Fox Theatre (Atlanta)

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The Fabulous Fox Theatre in Atlanta, Georgia is one of the grand movie palaces built in the United States in the 1920s. The theatre's unique origin and Moorish design sets it apart from others of the era. Originally intended as the Yaarab Temple Shrine Mosque, a headquarters for the Shriners, the $2.75 million project was completed only with funding and a twenty-one year lease by movie mogul William Fox, who was building theatres around the country at the time. The 4678-seat theatre, which replicates an Arabian courtyard (complete with a sky of flickering stars and drifting clouds) opened on December 25, 1929, just two months after the Stock Market Crash.

In 1974, Southern Bell, the regional arm of AT&T, approached the owners of the theatre with an offer to buy and with the intent of tearing it down and building a new headquarters on the site. A group was formed to save the theatre and it was placed on the National Register of Historic Places in May 1974. The ensuing public outcry and massive campaign resulted in the city refusing to issue a demolition permit and ultimately, a complicated deal that prevented the Fox's demolition and the building of the Southern Bell headquarters on land adjacent to the theatre. The United States Department of the Interior subsequently named the Fox a National Historic Landmark on May 26, 1976.

The theatre currently hosts a multitude of cultural and artistic events including the Atlanta Ballet, a summer film series, and performances for various national touring companies of Broadway shows. Because of its origins as a movie house, the Fox has a relatively shallow stage by theatrical standards and is unable to accommodate some of the set pieces required by modern large scale shows such as The Lion King and Miss Saigon.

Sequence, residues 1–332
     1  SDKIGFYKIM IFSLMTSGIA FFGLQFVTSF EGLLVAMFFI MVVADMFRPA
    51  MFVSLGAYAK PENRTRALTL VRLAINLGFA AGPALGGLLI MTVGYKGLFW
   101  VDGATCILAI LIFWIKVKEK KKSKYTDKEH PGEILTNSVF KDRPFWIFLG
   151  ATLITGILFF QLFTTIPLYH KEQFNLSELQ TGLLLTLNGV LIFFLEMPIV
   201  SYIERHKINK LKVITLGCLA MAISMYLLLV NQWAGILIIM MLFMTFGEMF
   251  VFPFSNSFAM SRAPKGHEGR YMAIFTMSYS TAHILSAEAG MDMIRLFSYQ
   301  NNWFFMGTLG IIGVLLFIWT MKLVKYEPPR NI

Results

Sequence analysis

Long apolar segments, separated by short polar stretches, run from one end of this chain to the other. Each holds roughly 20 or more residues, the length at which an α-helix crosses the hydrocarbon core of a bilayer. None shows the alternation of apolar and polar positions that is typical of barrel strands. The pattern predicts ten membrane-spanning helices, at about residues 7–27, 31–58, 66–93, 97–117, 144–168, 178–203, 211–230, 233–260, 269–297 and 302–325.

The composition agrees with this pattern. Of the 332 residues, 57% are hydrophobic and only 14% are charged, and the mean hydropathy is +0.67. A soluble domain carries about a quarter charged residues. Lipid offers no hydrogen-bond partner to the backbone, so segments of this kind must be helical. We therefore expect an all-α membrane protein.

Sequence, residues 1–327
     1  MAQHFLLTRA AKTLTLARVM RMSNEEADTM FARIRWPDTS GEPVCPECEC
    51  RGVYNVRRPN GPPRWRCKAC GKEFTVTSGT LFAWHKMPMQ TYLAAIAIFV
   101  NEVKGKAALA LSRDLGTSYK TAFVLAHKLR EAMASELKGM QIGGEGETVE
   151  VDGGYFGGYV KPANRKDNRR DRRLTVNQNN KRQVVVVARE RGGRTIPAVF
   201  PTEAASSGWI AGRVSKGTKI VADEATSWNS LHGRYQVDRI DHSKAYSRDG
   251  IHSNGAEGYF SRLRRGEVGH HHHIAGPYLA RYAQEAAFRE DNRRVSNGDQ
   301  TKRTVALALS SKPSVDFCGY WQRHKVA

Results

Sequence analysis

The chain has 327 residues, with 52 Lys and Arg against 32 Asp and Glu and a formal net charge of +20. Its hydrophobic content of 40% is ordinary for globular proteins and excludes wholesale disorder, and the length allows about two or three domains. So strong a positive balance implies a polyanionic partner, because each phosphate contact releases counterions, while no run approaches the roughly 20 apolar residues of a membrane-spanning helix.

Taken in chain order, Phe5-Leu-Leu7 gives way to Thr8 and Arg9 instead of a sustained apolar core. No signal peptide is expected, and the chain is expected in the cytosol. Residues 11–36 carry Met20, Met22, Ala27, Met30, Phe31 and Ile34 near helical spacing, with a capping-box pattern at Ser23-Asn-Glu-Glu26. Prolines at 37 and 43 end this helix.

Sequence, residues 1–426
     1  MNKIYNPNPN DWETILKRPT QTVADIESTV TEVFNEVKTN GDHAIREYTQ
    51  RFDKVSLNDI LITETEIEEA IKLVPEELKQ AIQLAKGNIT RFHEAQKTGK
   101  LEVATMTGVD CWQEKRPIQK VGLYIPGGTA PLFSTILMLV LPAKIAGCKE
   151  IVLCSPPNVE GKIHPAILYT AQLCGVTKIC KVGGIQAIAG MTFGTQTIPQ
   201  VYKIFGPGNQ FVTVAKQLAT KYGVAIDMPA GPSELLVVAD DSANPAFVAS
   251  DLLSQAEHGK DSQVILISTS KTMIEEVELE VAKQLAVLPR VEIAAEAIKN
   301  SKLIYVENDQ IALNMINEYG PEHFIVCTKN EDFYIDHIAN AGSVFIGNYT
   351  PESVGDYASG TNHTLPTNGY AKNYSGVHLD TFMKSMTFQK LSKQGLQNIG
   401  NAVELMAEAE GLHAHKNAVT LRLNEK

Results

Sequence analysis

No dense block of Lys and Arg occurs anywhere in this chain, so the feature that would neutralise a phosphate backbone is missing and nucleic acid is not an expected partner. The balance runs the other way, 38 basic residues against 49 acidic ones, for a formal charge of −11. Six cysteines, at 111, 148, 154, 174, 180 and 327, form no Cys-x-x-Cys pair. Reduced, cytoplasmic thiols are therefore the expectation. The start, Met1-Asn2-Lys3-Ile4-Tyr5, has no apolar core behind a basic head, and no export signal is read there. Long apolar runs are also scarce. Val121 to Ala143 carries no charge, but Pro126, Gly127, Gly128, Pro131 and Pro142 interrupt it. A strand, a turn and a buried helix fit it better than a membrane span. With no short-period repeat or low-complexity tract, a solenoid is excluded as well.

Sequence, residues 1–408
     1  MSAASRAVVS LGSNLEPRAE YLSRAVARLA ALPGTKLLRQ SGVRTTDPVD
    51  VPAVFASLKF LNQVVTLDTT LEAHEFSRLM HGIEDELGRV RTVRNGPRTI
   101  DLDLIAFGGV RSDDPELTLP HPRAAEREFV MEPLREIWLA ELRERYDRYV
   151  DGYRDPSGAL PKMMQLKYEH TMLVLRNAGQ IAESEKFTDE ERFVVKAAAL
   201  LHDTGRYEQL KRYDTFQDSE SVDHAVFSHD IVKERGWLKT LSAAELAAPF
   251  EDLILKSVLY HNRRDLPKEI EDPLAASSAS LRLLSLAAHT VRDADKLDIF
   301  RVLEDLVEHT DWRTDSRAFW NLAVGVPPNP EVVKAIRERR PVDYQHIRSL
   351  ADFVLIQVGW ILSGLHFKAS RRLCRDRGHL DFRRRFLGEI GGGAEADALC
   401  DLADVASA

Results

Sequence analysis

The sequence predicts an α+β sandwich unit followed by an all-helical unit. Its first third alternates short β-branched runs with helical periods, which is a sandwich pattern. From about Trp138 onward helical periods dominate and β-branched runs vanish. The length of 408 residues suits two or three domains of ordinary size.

The Mighty Mo

Built in the era of silent films, the Fox features a four manual (or keyboard) 42-rank pipe organ nicknamed the Mighty Mo. It was custom built for the Fox by M. P. Möller, Inc. in 1929 in Hagerstown, Maryland. With 3,622 pipes, it is the second largest theatre organ in the country, behind the Wurlitzer at Radio City Music Hall in New York City.

As a true theatre organ, as opposed to a church organ, Mighty Mo's pipes range in size from 32 feet tall to the size of a small ballpoint pen, and is designed to imitate the sounds of a full orchestra. Besides the pipes, it also contains a marimba, xylophone, glockenspiel, drums, sleigh bells, gongs, etc. and even a 6 ft. grand piano; plus a large variety of silent movie effects (such as various car horns, thunder and rain effects, bird whistles, etc.). It is note worthy that the Mighty Mo is among the shrinking list of instruments which remain installed in the theatre for which it was designed; many theatre organs which remain today have preserved only through removal from their original homes.

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